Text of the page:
The American public has been teased by the Sacha Baron Cohen ambush machine for nigh on a year now. This month's premiere of the "fruits", ahem, of his labor, the new Bruno movie, fortuitously coincides with a high-water mark in advancements of gay rights in the states. To date, post-Prop 8, we have seen a number of states pushing for promulgation of gay marriage, five of them falling in quick succession like dominoes, as well as endorsement of the same issue by GOP leaders (however cynical their reasons). Yes, it seems that the Obama administration's method of tiptoeing around the issue has been inundated by the inevitable tide of social change, i.e. what is inexorably and morally correct (not that I believe in the inherent value of marriage, but it would be nice to know the option is there, and you're not being reminded every day of your life by the government and gloating "smug marrieds" that you are somehow less-than).
So now we're set to make the case that gays are really just the boys next door, trying to make ends meet, sustain a mortgage, a hedge fund, a happy home and 2.5 kids. But whither those fusty old stereotypes of yore: the interior decorator, the flamboyant queen, the hairdresser, the entertainer of society ladies, the Siegfrieds, the Roys, the Liberaces of the world? Cue Bruno. Cohen's character, developed over the last few years in a cod-Austrian cable tv show, aims at digging up these old archetypes in the service of his own particular brand of subversion, patented a few years ago in a documentary/talk show format with Ali G and Borat. With his own satirical scalpel, Cohen vivisects the prides and prejudices of the red-blooded American male, exposing US ideals of masculinity for the half-hearted sham charade that they are. The root of American society is inf(l)ected with the overzealous homophobia of said males, a real reflection of insecurity and fear. Not terribly manly, this homosexual panic is probably a conflation of fear of anal penetration and a concomitant fear that they might enjoy it. The corollary of this, with which I am sure Bruno would agree, would be Jean Genet's dictum that a man who fucks another man is double a man. Paradoxically, to give up that much power to another male would be anathema to any self-respecting American lad.
I haven't seen the film yet, but a friend sent me a link to an interesting article in the Irish Times:
The author makes the valid point that Bruno is trading in retrograde stereotypes at a pivotal time. A time in which we are making measurable progress in the courts, whereas homophobia is still thriving in the streets. Bruno, she says, presents a cartoonish portrayal of gay men as promiscuous, shallow buffoons in a way which has the effect of robbing the homosexual of dignity and any social progress s/he may have effected. (Ha! She should take a gander at Perez Hilton, Bruno's much more pernicious real-life counterpart. Scads more embarrassing.)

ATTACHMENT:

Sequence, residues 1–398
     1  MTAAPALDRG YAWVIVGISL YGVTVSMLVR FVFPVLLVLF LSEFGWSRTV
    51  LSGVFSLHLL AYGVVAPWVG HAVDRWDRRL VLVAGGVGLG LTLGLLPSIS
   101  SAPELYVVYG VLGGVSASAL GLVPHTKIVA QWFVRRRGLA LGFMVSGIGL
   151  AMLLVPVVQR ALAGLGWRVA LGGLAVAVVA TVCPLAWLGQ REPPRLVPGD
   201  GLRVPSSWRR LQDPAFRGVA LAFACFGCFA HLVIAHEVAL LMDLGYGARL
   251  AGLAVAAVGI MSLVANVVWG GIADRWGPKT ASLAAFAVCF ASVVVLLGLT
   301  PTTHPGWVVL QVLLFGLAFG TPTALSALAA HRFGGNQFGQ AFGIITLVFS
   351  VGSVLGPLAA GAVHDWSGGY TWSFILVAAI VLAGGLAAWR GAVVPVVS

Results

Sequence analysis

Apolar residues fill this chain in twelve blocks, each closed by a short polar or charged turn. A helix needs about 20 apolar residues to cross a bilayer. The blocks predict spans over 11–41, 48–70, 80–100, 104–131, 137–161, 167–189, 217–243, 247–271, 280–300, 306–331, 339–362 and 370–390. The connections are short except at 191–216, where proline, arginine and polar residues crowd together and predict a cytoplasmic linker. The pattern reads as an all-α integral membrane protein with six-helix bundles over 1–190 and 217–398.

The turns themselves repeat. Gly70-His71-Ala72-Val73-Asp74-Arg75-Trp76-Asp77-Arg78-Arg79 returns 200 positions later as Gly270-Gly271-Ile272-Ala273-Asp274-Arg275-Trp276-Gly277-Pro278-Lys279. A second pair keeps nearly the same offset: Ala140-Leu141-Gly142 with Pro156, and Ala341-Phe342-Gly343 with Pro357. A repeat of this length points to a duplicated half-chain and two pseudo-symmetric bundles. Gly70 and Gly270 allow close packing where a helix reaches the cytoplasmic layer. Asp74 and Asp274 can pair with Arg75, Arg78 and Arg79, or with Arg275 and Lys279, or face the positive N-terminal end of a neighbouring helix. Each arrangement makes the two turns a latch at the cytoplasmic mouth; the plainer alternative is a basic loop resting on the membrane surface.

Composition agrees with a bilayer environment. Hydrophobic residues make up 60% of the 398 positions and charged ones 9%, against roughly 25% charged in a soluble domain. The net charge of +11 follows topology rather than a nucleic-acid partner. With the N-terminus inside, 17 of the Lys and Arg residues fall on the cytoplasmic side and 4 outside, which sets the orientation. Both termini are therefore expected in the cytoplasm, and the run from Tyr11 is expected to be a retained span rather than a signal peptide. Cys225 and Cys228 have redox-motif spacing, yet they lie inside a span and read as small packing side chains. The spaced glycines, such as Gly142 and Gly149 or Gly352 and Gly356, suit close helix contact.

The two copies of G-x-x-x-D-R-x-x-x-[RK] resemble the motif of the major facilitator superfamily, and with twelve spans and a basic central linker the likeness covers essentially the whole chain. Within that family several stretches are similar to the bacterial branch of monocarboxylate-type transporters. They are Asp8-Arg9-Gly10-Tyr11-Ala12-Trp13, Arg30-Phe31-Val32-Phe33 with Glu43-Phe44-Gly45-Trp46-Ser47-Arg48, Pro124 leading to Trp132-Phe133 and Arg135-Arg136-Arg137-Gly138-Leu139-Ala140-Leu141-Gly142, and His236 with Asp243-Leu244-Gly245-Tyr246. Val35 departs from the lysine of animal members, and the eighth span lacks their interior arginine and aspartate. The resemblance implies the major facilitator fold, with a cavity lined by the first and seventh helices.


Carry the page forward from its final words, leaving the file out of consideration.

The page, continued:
In reality I don't see this as problematic, mainly because anyone who is gay can tell you that the stereotype of the hedonistic homosexual does still exist, and probably always will. In my mind I see Bruno as something of a cut-up artist, employing an ancient trope in a new and subversive way, which turns the joke around and places it on the perpetrator of hate. OK, he may be playing anal sex jokes for laughs, allowing the more liberal members of the audience to give vent to their discomfort as well, but if you ask me his touch is light enough to show that sex is absurd and ridiculous (and inherently undignified), no matter what your orientation is. After all, queers certainly don't have a monopoly on perversion, or on anal sex/sodomy for that matter. Furthermore, in his crass shallowness and celebrity worship, Bruno seems to hold up a mirror to the culture.
I can certainly empathize with the author insofar as being aware of how one is perceived by the world. Self-consciousness, whether foisted on the queer by societal causes or not, is necessarily a birthright of all homosexuals, and also germane to the artificiality needed to create art, and to precipitate self-invention. One hand is always aware of what the other is doing. But sometimes a finger becomes gangrened, and needs to be cut off. Having always been somewhat naturally witty, there was a time in the past when I have been considered the life of the party. The danger is that there is a natural tendency for the homosexual, intelligent or not, to play up to this role, that of the court jester. Sadly, once I realized I was expected to take on the role of entertainer in every social situation, it was clear that the friendship was past its sell-by date. I mean, look what happened to poor Oscar Wilde: rewarded with two years' hard labor for his efforts. Perhaps it's harsh, but people had formed an intractable and untrue image of me, and I had had a hand in the friendship's demise, having enjoyed the attention all too much. You see, the truth is, just as Sacha Baron Cohen is a Cambridge-educated scholar, underneath the funny exterior, lay a very very serious lesbian feminist.